KENYA: Geothermics, a boon for farmers in Nakuru County

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KENYA: Geothermics, a boon for farmers in Nakuru County dubes sonego©/Shutterstock

Farmers in Nakuru County in western Kenya are increasingly using geothermal energy in their activities. This has been made possible thanks in part to initiatives by the Geothermal Development Company (GDC), the company responsible for promoting this energy source in Kenya.

Kenya is the leading producer of geothermal energy in Africa. According to the Renewables Global Status 2018 report, it has a production capacity of 700 MW. A capacity that could increase significantly by 2020, especially since several exploration and exploitation projects are underway in this East African country. And the authorities, in charge of developing this reliable energy source, intend to share it with several sectors of activity across the country.

In Nakuru County, farmers will make greater use of geothermal energy. The County’s Department of Agriculture, Livestock and Fisheries, located in the west of the country, has signed a partnership with Geothermal Development Company (GDC), the company in charge of promoting the energy source in Kenya, which has enabled several pilot projects in this well-known agricultural region of Kenya.

Several projects in progress

Nakuru County includes a large city of the same name. But when you move a little further away, you find vast plains where wheat, corn, potatoes, peppers, cabbage, and many other vegetables are produced. There is also fish and livestock farming. Thanks to geothermal energy, these farmers have continuous access to energy. This should make it possible to practise greenhouse agriculture even more.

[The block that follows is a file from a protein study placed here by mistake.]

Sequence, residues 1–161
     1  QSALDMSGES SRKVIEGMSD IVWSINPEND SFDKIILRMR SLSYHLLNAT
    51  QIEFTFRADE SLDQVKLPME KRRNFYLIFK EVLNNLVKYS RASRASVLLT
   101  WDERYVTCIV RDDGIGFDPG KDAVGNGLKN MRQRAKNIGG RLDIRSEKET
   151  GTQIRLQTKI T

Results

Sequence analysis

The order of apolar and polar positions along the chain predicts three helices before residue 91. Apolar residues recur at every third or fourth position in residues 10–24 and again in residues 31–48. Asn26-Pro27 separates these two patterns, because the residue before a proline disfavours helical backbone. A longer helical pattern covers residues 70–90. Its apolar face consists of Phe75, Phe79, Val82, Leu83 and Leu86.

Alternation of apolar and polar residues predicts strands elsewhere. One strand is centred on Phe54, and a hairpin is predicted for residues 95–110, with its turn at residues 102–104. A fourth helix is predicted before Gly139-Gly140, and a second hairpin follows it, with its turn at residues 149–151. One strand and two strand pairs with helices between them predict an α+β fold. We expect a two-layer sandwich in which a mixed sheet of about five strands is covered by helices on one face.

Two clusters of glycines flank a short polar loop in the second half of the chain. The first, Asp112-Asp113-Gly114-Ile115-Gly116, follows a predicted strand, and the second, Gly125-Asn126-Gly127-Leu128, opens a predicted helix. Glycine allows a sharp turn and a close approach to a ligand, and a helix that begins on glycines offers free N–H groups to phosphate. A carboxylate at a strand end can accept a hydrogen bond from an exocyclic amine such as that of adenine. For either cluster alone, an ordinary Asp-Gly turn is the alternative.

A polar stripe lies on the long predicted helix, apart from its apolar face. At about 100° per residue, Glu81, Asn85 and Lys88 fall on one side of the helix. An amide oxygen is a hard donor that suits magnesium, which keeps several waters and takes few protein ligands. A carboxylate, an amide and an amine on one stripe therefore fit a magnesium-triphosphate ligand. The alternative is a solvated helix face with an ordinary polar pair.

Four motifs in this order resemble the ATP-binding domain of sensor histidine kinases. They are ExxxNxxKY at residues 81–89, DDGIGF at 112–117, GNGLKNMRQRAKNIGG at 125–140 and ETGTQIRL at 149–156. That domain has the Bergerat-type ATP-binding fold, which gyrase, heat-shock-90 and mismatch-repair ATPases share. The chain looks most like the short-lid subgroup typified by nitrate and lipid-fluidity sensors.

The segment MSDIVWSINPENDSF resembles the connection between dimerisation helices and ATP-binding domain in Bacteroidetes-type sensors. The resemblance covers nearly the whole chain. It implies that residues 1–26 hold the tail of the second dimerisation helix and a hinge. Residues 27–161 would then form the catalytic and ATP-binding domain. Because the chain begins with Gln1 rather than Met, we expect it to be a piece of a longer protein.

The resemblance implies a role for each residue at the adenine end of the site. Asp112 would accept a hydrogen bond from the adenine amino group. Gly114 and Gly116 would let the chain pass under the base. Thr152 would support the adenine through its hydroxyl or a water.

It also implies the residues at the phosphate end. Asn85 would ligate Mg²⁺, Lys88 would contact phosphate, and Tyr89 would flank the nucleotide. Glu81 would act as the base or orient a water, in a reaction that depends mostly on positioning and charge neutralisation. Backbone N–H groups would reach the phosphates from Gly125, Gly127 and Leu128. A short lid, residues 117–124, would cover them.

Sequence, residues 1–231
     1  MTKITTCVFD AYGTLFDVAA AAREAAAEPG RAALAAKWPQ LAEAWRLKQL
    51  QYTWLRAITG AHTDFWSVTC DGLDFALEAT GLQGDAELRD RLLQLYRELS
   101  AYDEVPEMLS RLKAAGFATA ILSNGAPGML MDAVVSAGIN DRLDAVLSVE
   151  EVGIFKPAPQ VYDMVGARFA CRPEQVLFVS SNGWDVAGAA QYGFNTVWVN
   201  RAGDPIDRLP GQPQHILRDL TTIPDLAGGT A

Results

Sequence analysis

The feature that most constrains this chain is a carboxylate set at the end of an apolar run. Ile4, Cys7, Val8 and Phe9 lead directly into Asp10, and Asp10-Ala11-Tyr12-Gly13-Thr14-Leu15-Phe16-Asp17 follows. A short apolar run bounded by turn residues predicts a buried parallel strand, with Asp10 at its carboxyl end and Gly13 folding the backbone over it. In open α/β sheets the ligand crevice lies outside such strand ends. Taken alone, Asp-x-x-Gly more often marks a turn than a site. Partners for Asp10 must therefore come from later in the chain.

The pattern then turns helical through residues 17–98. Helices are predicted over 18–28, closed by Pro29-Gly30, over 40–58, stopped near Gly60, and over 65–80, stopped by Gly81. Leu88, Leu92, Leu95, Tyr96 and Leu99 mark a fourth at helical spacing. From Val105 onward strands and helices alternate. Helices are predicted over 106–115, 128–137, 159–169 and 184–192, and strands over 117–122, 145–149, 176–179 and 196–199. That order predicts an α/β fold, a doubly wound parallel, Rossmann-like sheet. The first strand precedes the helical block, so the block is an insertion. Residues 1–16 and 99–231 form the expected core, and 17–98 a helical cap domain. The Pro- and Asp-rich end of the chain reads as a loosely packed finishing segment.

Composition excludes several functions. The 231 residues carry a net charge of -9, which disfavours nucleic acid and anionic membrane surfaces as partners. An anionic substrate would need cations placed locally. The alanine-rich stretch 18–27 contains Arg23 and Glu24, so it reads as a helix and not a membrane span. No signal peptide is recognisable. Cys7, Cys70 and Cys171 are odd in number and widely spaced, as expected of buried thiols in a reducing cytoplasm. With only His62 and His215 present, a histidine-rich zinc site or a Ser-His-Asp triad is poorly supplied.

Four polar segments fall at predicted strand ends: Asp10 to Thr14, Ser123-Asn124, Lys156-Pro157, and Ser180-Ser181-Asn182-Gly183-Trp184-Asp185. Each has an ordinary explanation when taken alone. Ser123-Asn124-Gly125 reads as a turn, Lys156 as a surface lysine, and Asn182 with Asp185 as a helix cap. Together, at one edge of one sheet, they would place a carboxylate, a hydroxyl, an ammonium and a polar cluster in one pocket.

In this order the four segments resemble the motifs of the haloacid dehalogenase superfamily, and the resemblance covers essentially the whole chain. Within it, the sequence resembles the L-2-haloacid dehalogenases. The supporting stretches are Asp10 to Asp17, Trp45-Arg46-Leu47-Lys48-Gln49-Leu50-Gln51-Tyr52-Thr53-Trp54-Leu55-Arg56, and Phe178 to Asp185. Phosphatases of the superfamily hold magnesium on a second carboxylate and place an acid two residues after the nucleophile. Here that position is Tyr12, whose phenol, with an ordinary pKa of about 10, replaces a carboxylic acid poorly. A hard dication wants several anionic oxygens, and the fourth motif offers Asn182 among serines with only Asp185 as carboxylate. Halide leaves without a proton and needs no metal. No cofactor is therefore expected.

GDC has launched a geothermal drilling project in densely populated and highly agricultural communities. The heat produced by the geothermal wells will be used to heat the greenhouses during all seasons. For livestock farmers, the heat will be an asset for pasteurising cow’s milk, for example. According to Think Geo Energy, the GDC is already involved in a large number of projects for the direct use of geothermal energy in fish farming, tomatoes, peppers and many others in Menengai.

“The expansion will allow the company and its partners to find more innovative ways to use well steam,” hopes Gabriel Wetang’ula, GDC’s environmental manager. According to Dr. Immaculate Maina, who is in charge of agriculture in the Nakuru County government, geothermal energy will also boost agricultural productivity by reducing diseases, pests, and carbon emissions.

Jean Marie Takouleu

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